Common laws for ingredients bring growth in west for accession ten
75 million consumers into the European Union. Churchill's 'Iron
Curtain' has been consigned to the history books, heralding
democracy, stability and prosperity for the eight ex-communist
states. While leaders in the food ingredients sector have already
made investments in the accession states over the past few years,
alignment of common laws for food ingredients and additives will
have a major impact on growth for local food manufacturers,
writes Lindsey Partos.
Buoyed by lower labour costs, regulatory harmonisation and a parity in raw material sources, manufacturers in the east are now armed with the tools to take on western European markets.
"Alignment of the regulatory situation for ingredients and additives will have a major impact because food manufacturers in the new member states can now benefit from the same raw materials and supplies as sold in western food markets," Jan Hansen, a director of Danish ingredients maker Chr. Hansen told FoodNavigator.com.
For Hansen the harmonisation of ingredients regulations is key to opening up new market opportunities for the food makers in the new eastern European member states - Estonia, Latvia, Lithuania, Poland, Czech Republic, Slovakia, Hungary, Slovenia - keen to drive into the affluent west. Growth which would have a positive spin off on the old EU15 bloc.
"We think that growth in eastern Europe could be an accelerator for western Europe," he predicted.
Compared with growth of 0.5 per cent recorded in the EU15 bloc last year, the accession states posted more than 3.5 per cent, up from 2.5 per cent in 2002.
According to the CIAA (Confederation of the food and drink industries of the EU) the food and drink industry sector in the new member states represents, on average, 25 per cent of total industrial production and 15 per cent of total industrial jobs - against11 and 12 per cent respectively in the EU15.
While the leading global industry players such as Unilever and Nestle continue to build market positions in the accession states, national manufacturers dominate the food industry.
"The fast growing dairy industry and cheese makers are largely domesticated," says Hansen, at the world's number one supplier of cultures, adding that the meat sector, to which it also supplies ingredients, is relatively national.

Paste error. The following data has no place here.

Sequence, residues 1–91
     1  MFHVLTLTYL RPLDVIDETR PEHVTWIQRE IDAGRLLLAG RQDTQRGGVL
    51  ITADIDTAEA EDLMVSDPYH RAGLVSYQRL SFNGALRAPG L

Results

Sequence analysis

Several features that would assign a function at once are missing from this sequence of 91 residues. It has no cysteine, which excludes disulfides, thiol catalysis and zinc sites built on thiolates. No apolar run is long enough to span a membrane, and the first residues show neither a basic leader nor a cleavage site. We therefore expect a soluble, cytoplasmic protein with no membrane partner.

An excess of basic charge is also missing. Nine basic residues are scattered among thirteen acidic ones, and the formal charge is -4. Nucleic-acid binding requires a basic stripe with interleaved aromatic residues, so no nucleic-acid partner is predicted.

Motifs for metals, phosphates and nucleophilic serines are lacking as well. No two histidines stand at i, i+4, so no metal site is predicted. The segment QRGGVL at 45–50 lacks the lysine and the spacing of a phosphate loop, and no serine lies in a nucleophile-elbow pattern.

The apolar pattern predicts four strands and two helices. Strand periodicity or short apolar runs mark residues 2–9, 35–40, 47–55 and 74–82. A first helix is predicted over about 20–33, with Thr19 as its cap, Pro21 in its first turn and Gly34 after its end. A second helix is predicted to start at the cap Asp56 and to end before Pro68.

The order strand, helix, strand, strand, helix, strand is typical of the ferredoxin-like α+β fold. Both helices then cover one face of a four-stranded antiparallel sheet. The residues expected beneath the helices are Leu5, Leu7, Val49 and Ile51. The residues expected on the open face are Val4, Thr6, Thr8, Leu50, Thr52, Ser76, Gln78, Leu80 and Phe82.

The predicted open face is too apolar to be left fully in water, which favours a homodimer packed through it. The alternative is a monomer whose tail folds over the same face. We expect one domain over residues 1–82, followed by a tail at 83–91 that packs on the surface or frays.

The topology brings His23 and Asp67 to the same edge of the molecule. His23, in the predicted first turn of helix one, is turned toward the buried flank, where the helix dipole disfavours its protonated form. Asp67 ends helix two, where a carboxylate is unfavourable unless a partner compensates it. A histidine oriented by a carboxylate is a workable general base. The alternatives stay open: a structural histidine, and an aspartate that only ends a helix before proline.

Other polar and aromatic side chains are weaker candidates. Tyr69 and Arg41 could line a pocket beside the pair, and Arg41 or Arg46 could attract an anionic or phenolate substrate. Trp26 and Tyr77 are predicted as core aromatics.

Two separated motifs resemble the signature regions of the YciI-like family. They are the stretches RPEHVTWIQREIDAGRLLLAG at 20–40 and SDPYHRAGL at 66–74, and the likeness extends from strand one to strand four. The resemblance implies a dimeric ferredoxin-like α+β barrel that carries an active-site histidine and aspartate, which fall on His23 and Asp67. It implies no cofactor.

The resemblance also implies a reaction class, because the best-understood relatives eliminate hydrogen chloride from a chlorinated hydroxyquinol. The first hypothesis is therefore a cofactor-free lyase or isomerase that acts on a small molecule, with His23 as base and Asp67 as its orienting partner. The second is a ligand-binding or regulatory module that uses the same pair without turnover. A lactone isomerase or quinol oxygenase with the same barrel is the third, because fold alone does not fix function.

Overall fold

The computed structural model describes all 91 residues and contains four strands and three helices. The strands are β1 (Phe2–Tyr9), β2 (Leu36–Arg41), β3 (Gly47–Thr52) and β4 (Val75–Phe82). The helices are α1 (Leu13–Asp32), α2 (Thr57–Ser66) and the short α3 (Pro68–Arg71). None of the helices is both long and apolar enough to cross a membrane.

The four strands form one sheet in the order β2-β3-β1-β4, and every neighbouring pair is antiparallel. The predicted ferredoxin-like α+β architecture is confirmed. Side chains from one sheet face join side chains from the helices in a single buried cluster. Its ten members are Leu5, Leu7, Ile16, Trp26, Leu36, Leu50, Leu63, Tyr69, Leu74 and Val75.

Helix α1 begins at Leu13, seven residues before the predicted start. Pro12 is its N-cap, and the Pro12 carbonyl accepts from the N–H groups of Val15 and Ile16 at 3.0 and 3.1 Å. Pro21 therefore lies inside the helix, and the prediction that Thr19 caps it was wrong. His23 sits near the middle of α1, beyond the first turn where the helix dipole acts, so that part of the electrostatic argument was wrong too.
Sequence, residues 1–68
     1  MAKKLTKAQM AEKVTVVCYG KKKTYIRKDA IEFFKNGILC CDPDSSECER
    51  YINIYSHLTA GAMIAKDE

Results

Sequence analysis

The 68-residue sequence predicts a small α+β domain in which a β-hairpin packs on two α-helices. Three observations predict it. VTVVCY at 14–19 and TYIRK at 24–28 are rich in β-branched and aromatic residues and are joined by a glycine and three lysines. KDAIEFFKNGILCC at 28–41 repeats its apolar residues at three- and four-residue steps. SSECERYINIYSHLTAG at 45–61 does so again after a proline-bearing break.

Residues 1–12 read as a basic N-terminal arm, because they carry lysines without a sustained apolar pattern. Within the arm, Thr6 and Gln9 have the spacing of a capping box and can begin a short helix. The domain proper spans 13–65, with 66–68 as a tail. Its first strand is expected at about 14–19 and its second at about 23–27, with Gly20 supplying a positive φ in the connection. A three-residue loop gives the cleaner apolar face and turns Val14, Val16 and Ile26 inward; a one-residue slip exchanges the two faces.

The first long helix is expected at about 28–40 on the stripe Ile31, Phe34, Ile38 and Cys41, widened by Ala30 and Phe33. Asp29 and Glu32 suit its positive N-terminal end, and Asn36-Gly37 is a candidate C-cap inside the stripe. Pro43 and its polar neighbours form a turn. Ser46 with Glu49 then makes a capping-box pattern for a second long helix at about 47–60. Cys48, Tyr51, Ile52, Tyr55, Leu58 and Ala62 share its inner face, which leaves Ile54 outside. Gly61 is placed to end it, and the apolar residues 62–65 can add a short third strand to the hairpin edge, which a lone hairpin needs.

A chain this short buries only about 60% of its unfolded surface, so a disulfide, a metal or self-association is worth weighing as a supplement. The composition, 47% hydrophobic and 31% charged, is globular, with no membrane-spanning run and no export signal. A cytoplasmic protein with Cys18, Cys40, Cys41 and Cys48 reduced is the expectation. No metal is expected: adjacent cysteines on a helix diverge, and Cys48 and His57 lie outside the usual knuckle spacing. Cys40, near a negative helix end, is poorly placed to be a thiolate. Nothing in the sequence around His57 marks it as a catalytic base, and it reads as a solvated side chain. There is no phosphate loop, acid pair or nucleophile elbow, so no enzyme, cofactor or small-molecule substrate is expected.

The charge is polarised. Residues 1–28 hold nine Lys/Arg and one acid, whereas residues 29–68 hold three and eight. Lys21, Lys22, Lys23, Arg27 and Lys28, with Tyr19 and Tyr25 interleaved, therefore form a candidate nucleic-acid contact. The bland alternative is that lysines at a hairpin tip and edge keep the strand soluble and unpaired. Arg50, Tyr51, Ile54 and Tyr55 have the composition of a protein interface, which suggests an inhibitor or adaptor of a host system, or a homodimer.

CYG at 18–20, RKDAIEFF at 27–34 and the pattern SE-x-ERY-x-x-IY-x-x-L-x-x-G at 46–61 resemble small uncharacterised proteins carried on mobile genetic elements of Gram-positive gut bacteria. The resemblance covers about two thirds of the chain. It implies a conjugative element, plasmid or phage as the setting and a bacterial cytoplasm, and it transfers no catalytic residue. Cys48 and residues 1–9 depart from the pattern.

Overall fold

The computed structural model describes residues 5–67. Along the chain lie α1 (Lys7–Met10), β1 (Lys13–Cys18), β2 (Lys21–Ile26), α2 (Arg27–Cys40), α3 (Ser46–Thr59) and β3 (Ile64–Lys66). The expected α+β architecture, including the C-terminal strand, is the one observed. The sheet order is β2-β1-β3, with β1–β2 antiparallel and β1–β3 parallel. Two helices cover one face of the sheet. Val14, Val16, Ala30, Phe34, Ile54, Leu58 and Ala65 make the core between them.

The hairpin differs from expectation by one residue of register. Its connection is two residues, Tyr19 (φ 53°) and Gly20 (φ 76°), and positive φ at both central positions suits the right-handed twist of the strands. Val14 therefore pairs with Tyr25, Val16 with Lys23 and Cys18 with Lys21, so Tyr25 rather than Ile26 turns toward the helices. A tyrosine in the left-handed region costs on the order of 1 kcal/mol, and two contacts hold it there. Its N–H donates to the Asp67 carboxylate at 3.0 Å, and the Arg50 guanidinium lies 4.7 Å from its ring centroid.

Again, common laws on ingredients and additives will provide the local firms with the potential to drive expansion into new markets in the west.
Growth that can take advantage of the low-cost labour in the region and skill levels higher than in most emerging economies, resulting from relatively good education systems.
Chr Hansen, with production facilities in Poland - one of the four largest economies in the accession states together with the Czech Republic, Hungary and Slovakia - for the last six years, has been closely working with customers on the legislation in order to guarantee a smooth passage on 1 May.
"We have to ensure that the safest and best quality ingredients are available," added Hansen.
A global player, key competitors in the new member states for the Danish firm are much the same as on the world stage, notably fellow ingredients giant Danisco.
But after decades behind the 'Iron Curtain' no-one can predict the true impact on the economies and the food industries of the accession states - Estonia, Latvia, Lithuania, Poland, Czech Republic, Slovakia, Hungary, Slovenia, Malta and Cyprus, and as Hansen said: "This fantastic event will be beneficial to western and eastern europe over and above our imagination. Even our models and forecasts cannot fully fathom the impact."